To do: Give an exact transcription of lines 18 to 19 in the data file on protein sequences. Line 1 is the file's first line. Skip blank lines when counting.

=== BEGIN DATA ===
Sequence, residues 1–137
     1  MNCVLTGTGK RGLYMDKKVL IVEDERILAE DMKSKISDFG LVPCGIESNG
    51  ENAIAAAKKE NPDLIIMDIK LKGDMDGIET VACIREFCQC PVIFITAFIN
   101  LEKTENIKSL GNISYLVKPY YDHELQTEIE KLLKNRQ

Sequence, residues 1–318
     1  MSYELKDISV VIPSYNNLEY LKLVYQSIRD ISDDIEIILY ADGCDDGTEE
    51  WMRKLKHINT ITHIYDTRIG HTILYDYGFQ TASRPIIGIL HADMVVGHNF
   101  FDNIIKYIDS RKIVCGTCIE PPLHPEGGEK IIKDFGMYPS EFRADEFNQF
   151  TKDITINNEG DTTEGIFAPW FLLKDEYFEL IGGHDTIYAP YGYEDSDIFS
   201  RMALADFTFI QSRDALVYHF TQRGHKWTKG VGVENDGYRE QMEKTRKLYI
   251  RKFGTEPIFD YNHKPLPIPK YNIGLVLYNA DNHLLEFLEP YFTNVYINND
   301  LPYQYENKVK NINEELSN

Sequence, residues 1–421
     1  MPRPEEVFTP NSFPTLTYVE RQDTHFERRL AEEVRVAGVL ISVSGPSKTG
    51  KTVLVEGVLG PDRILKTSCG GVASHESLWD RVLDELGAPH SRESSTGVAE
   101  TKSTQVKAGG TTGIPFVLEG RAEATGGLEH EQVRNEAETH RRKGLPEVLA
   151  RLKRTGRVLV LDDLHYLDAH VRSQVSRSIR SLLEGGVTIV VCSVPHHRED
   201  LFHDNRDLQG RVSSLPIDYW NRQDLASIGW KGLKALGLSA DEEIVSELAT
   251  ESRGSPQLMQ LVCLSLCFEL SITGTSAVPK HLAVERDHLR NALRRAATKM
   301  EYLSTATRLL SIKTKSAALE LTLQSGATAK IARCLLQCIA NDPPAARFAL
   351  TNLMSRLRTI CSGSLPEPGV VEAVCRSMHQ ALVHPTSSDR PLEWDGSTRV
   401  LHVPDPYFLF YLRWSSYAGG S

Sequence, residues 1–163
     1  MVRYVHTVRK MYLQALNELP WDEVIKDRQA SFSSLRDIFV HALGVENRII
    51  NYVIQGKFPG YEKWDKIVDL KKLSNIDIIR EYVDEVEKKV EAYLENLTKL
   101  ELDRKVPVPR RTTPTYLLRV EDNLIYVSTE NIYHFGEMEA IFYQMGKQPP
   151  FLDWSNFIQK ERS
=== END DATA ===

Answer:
   201  LFHDNRDLQG RVSSLPIDYW NRQDLASIGW KGLKALGLSA DEEIVSELAT
   251  ESRGSPQLMQ LVCLSLCFEL SITGTSAVPK HLAVERDHLR NALRRAATKM